The Acropolis and Baklava

Dwain Crum “The Sea Rebel”, was born in Pasadena, CA and a lifelong resident of Rosemead, CA. Retired after 29 years as a history teacher at Rosemead High School. Dwain is fulfilling a lifelong dream of traveling around the world.

• Dwain C. Crum •
October 10, 2013 • 397 views

Parthenon

Parthenon

I left Bari in Italy for Patras in Greece.  My ferry, the Superfast II (yes, that’s its name) would be traveling 295 nautical miles.  I had a room for the night on board as we would not be reaching Greece until the next morning.  This was no cruise ship.  Most of the passengers were truckers whose trucks had been loaded on in Bari only to continue on their journey to Athens, Greece.  Athens was my destination as well but Patras, Greece is a far cry from Athens (and a far distance as well).  At Patras, I hired a Taxi with a fellow American (Cole by name) to drive us the rest of the way.  It was the longest taxi drive that I have ever taken (150 miles) and all across the famed Peloponnese.

Once in Athens, I would be staying at the Athenaeum Intercontinental Hotel.  There I joined my 3rd Trafalgar Tour of the trip.  It was called their Ancient Lands Tour.  This was quite unlike my two Trafalgar tours in Italy.  Other than visiting the sites in Athens by motor coach it was mostly a cruise to the Greek islands on the the ship the Louis Olympia of the Louis Ship Lines.  It was quite a different cruise than my two long Princess Cruises; this was an Aegean cruise in which we would visit 6 ports in 4 days.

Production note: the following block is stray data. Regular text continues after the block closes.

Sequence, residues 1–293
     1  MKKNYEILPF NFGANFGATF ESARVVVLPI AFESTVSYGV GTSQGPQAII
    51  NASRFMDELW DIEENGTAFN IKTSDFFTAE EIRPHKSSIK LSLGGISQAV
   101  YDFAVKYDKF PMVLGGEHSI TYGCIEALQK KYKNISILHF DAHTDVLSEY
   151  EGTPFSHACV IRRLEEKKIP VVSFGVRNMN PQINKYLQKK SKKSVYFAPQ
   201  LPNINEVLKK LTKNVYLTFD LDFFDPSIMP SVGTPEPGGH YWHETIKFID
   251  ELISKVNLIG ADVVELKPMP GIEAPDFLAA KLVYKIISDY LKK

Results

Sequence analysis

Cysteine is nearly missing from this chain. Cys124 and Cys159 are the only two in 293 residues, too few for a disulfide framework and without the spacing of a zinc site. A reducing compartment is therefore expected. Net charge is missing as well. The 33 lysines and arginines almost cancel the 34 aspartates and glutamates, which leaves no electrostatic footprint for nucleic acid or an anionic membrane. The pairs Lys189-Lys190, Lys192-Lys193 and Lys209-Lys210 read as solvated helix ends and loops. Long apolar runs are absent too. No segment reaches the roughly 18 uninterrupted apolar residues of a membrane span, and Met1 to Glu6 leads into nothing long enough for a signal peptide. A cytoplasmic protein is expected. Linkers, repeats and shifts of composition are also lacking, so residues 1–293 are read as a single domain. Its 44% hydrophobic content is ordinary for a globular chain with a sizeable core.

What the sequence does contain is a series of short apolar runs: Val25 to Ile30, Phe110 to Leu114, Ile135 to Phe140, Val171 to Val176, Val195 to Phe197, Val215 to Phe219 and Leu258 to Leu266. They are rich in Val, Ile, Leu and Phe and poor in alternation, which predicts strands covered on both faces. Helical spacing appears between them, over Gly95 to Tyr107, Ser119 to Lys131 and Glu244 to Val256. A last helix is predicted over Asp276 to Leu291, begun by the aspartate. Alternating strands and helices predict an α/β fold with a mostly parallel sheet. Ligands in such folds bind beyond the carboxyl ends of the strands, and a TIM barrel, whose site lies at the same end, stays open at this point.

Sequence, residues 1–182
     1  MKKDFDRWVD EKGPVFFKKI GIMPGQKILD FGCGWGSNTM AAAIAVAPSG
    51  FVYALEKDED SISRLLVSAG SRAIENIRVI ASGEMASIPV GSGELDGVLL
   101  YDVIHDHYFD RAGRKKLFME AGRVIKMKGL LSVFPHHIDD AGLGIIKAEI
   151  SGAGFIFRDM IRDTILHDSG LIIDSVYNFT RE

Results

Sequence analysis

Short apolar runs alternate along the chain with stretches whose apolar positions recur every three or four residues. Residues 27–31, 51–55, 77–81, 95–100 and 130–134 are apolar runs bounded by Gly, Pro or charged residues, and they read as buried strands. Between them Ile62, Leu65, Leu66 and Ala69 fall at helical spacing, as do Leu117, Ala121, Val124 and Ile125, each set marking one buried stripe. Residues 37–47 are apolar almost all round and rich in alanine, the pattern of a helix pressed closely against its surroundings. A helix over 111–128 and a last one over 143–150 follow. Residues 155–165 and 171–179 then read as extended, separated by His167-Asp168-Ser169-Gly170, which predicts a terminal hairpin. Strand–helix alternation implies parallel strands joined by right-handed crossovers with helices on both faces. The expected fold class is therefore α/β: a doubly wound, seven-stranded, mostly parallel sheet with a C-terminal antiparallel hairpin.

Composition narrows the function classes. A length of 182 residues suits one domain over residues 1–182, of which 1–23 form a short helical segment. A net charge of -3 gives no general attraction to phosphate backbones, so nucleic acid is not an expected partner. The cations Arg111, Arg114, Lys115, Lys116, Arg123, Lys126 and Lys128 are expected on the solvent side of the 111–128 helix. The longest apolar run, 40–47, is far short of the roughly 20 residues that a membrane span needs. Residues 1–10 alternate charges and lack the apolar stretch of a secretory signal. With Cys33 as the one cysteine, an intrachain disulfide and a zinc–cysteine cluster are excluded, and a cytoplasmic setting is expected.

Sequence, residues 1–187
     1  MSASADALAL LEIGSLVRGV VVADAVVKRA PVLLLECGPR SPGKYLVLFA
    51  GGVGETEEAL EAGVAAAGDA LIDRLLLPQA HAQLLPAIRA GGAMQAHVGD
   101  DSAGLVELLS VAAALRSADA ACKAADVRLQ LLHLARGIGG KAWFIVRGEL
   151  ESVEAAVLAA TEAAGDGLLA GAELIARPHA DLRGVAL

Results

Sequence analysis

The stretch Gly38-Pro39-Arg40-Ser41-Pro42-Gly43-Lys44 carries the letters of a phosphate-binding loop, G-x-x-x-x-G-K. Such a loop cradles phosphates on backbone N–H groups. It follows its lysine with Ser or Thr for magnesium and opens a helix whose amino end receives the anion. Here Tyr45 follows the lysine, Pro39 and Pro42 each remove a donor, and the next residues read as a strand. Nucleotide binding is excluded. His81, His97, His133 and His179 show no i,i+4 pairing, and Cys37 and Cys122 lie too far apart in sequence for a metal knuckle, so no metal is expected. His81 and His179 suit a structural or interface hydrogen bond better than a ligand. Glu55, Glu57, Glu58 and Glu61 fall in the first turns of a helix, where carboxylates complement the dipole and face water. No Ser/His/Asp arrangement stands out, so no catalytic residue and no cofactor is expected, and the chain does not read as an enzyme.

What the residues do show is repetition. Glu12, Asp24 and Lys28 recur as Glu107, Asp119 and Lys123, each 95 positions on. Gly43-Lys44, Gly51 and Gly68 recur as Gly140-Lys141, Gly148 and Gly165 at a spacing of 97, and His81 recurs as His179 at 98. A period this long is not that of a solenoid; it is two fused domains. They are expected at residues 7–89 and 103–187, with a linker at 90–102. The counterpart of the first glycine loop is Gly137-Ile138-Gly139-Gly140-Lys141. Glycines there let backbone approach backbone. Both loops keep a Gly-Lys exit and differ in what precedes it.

As a former history teacher, it was a great experience to be staying in Athens and seeing all of the sights and sounds there.  Of course, no visit to Athens would be complete without going to the Acropolis and seeing the famous Parthenon.  The Parthenon was built between 447 B.C. and 432 B.C. as a temple to the goddess Athena.  It was built by the architects Iktinos and Kallikrates.  Also impressive were the remains of the Olympieion (the temple of the Olympian Zeus).  The Olympian was inaugurated in AD 131 by the emperor Hadrian and was the largest of the ancient temples of Athens.  I also went to the Peninsula of Sounion and saw the temple to Poseidon that is located there.  According to legend, Menelaus buried his steersman Phrontis at Sounion on his way back from Troy.

Porch of the Maidens

Porch of the Maidens

At 37,584 GT my new cruise ship, the MS Louis Olympia, was even larger than my former ship the Pacific Princess (at 30,277 GT).  She had originally been a Royal Caribbean ship, the MS Song of America.  Even though it was a short cruise (a total of 711 nautical miles) I got to visit Mykonos, Patmos, Rhodes, Haraklion (Crete), Santorini in Greece and Kusadasi in Turkey.  From Kusadsi, I was able to visit the ancient city of Ephesis.  The number of places that I visited at the Greek ports was too numerous to mention here except to say that I did go see the fortress at Lindo (on Rhodes), the palace of Knossos (on Crete) and the village of Oia (on Santorini).  The cruise began and ended in Piraeus and was led by a wonderful guide with Trafalgar Tours named Sabrina.

With my Aegean cruise over, I spent one more night in Athens at the Athenaeum Intercontinental Hotel before boarding my last cruise ship of my trip around the world, the Sea Princess (and were I finally had some baklava!).

My photo blog – http;//searebelcolon.tumblr.com

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